ISSN (Print) - 0012-9976 | ISSN (Online) - 2349-8846

Articles By Ravinder Kaur

Son Preference and Daughter Aversion in Two Villages of Jammu

A contemporary exploration of two spatially contiguous villages of Jammu reveals persisting intra-household gender discrimination. While in both the villages, sons continue to be preferred over daughters, it is the local political economy and culture that dictates whether a preference for sons would mean the elimination of daughters before birth, their relative deprivation post birth, marrying them off early as a mobility strategy, or simply differential allocation of resources within the household.

Wound, Waste, History

Wounds are expected to heal. Our very conception of victims and victimhood is based on this hopeful axiom. But not all wounds heal, some remain in a constant state of decay, degenerate, and ultimately risk turning into waste too. It is this possibility of waste that this article explores. The 1984 violence is one of those historical wounds that has neither faded from public memory nor fully healed. At the heart of this unhealing wound is the question of justice that has long been denied to the victims. The judicial affidavits prepared in early 1985 not only narrate the violence that unfolded systematically, but three decades later testify to the inability of the state apparatus to help heal its wounded citizens.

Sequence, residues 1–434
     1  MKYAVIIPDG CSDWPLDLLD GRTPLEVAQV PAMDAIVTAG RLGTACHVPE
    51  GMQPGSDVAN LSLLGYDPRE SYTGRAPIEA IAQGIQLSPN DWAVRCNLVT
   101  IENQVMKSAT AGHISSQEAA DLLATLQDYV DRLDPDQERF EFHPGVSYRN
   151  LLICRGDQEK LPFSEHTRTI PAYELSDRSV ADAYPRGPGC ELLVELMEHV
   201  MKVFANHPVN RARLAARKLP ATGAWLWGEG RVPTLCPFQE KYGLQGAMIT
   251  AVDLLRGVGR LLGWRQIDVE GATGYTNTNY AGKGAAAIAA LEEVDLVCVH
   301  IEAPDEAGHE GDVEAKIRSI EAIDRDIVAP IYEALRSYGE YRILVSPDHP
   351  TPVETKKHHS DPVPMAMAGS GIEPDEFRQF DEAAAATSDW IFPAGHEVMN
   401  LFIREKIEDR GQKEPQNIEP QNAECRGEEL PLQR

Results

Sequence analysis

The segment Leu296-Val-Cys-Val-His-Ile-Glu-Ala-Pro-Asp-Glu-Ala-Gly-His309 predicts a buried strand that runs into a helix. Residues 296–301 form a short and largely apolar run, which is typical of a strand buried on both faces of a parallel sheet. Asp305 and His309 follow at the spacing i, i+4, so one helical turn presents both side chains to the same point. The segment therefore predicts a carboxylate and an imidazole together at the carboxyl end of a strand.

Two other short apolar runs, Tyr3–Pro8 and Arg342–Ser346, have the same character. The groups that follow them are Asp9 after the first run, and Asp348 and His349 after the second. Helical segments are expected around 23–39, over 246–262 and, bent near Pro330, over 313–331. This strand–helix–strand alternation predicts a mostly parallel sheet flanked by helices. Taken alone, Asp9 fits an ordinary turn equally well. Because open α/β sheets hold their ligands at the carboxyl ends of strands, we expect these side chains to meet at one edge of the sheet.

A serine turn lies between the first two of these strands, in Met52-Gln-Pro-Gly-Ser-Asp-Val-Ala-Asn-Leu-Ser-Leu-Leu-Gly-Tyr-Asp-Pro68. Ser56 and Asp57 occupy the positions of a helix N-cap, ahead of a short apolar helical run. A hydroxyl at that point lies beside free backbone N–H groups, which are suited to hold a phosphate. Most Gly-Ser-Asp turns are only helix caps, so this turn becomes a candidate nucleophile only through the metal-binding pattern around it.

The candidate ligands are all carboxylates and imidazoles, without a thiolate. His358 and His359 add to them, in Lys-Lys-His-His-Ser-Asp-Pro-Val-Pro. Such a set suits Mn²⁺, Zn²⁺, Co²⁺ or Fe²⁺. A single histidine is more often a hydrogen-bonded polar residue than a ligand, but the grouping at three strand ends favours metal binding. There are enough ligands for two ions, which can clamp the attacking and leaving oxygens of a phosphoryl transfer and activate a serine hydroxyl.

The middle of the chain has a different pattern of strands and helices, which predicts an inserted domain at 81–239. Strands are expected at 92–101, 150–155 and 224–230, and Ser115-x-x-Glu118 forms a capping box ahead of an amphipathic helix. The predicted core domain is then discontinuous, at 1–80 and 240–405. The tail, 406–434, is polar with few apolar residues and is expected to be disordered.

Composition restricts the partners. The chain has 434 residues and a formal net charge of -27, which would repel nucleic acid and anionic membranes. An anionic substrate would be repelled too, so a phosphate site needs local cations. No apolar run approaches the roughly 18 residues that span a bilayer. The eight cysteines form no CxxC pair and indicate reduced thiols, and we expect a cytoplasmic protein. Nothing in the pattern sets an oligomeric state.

Sex Ratio, Khaps and Marriage Reform

The move by the Satrol khap of Haryana to relax some restrictive marriage norms and induct women and youth into the khap is perhaps a response to demographic and market economy challenges. Patriarchal structures get challenged when material conditions alter. Besides the skewed sex ratio, a generational transition is also underway. More off-farm work and greater nuclear living detach individuals from traditional structures of support and force them to strike out on their own.

The 'Emerging' Middle Class

This article is a look at the subtext of the transition from the politics represented by the United Progressive Alliance government to that represented by the Bharatiya Janata Party. On another level, an ethnographic reading of the voters' mood before the polls in parts of Bihar and Uttar Pradesh showed calm confidence and clarity in looking at the choices before them; few of them were emotional about the step they were about to take. Narendra Modi's catchy slogans were on the lips of many but this was no motional wave; it was more like contracting a new service provider to see whether he would deliver.